3 Winter Safety Tips

3 Winter Safety Tips

Posted on January 25th, 2024

Here we are in the middle of winter. Temperatures are dropping and snow and ice are falling. PLEASE take the time to read this blog on 3 important tips for winter.

1. Watch out for Carbon Monoxide (CO) – Every year, there are around 1000 deaths in the US related to CO. The statistics from the Centers for Disease Control and Prevention (CDC) also state that there were over 100,000 emergency room visits and 14,000 admissions.

The root sources include generators, portable heaters, furnaces that burn coal, gas, and wood, clogged chimneys, and cars running in the garage. By the way, our atmosphere’s CO level is sitting at about .9 parts per million (ppm) unless you live in the Ohio Valley (Ohio down through Kentucky to Missouri) where it is 2.5 ppm. You don’t need any additional CO from other sources.

CDC Recommendations include:

· A CO detector (battery or battery backup). This should be checked every year and changed every 5 years.

· Adequate ventilation of gas appliances

· Chimneys checked and or cleaned every year

The CDC also recommends never using a stove or oven for heating the home, and never using a generator, portable gas camp stove, or portable flameless chemical heater indoors. Generators should be operated more than 20 feet from a window or door, with exhaust pointed away from a building.

2. Shoveling Snow – Every year in the US, there are around 11,500 medical emergencies, of those 770 cardiac (heart) emergencies, and 100 deaths due to shoveling snow. Those that are at greatest risk are those with known heart conditions followed closely by those at greater risk for heart disease (obese, smokers, diabetics, and the elderly).

Just behind cardiac events were musculoskeletal injuries such as back and shoulder injuries. Remember, shoveling snow is a very vigorous and demanding activity. Here are some recommendations.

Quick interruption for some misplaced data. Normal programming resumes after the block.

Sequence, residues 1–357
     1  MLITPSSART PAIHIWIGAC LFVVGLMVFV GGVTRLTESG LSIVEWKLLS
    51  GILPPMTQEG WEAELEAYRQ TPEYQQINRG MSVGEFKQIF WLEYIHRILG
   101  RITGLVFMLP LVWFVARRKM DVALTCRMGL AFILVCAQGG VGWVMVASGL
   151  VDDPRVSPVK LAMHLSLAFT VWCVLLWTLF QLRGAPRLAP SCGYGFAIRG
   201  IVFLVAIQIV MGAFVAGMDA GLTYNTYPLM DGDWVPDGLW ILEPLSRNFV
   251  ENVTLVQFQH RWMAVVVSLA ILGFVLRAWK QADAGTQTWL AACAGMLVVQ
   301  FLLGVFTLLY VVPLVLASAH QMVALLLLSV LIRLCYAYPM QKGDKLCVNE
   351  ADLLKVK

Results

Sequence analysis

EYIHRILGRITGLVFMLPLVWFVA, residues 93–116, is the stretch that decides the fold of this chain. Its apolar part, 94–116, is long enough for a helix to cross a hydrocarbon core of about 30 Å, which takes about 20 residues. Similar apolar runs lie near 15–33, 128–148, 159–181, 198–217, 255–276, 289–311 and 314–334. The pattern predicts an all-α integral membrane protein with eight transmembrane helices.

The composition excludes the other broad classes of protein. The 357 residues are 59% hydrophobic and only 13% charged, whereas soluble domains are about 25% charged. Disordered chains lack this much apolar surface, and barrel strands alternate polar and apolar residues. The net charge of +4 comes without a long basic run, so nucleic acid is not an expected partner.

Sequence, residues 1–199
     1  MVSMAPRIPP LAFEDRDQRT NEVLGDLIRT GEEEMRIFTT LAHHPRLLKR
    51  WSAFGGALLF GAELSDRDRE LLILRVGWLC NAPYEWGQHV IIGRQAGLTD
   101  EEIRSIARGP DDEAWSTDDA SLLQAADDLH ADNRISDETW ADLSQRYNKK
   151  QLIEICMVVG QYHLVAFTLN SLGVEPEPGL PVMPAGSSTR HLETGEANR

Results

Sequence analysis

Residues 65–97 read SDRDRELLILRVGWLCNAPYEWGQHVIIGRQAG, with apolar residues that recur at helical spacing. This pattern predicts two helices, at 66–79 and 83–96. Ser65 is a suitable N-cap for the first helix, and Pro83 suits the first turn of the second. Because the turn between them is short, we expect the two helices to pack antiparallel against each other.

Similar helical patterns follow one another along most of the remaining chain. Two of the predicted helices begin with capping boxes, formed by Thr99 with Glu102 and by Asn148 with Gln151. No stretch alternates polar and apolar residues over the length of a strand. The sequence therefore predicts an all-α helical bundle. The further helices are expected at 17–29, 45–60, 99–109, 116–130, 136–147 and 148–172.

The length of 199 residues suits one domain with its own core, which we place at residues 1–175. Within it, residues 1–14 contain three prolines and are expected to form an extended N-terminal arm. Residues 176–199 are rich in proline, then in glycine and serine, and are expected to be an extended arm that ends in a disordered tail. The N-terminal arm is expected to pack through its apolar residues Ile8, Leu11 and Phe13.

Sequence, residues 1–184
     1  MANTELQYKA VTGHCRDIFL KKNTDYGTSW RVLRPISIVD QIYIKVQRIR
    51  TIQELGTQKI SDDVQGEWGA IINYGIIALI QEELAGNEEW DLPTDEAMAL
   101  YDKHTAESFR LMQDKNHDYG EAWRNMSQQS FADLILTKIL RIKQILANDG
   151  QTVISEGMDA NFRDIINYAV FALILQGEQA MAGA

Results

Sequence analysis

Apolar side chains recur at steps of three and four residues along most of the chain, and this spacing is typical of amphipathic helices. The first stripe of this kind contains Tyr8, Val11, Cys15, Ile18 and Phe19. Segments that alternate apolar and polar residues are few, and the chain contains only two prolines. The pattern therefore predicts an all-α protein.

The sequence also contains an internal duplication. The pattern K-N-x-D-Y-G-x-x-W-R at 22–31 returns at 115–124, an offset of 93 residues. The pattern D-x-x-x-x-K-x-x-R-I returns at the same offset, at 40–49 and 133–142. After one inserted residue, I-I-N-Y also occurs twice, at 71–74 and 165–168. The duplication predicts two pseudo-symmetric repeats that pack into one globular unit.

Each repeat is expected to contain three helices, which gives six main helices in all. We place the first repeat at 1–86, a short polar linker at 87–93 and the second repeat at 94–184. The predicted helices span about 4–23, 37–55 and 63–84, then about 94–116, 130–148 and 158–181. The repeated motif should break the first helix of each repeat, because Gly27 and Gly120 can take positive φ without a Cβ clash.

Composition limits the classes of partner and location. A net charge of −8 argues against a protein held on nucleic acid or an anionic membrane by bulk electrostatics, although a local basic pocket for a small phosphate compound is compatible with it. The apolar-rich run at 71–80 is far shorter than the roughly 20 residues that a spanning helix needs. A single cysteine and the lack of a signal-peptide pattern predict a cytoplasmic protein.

· Shovel some at a time and take frequent breaks

· Stay well hydrated

· Use a smaller shovel or decrease the load on the larger ones

· Avoid heavy meals and caffeine before shoveling

· If you are at risk, have someone aware that you are shoveling and checking on you when you periodically.

3. Automobile Accidents – Each year, an average of 1,836 deaths and 136,309 injuries are attributed to conditions on icy and snowy roads. (Check out Defensivedriving.org) What can be done to reduce the risk of being involved in a snow or ice-related accident?

· Make sure your car is in good repair. This includes tires, windshield wipers, exhaust system, and brakes.

· Don’t start out until your car is free from snow and ice. NEVER drive without having the windshield, mirrors, and windows clear of all snow and ice.

· Drive extra defensively remaining alert and totally focused on driving.

· SLOW DOWN – Never rush or be in a hurry

· Don’t travel in inclement weather unless absolutely necessary

· When stopping, break sooner and easier

· Leave plenty of space between you and other vehicles

· Choose safer routes when possible

· When bad weather approaches, try to keep your gas tank as full as possible.

· Keep Additional supplies in your car like boots, gloves, a shovel, water, snacks, blankets, flashlight, car phone charger and I am sure you can think of more.

This isn’t everything but a few important things to think about and a few tips that I am hoping will help.

Please be safe this winter.

a message from


(Preventive Health and Safety Engagement)

Allen Daugherty

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